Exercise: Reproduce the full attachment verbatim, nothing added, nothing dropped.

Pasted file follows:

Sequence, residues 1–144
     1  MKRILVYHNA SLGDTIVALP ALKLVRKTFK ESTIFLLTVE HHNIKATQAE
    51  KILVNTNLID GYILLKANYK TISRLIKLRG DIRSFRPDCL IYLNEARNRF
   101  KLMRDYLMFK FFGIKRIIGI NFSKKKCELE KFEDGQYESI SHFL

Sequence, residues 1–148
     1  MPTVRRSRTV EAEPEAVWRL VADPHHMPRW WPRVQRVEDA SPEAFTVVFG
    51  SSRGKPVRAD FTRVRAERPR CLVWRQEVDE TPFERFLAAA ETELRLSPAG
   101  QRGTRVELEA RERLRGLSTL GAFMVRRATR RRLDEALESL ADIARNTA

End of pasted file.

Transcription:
Sequence, residues 1–144
     1  MKRILVYHNA SLGDTIVALP ALKLVRKTFK ESTIFLLTVE HHNIKATQAE
    51  KILVNTNLID GYILLKANYK TISRLIKLRG DIRSFRPDCL IYLNEARNRF
   101  KLMRDYLMFK FFGIKRIIGI NFSKKKCELE KFEDGQYESI SHFL

Sequence, residues 1–148
     1  MPTVRRSRTV EAEPEAVWRL VADPHHMPRW WPRVQRVEDA SPEAFTVVFG
    51  SSRGKPVRAD FTRVRAERPR CLVWRQEVDE TPFERFLAAA ETELRLSPAG
   101  QRGTRVELEA RERLRGLSTL GAFMVRRATR RRLDEALESL ADIARNTA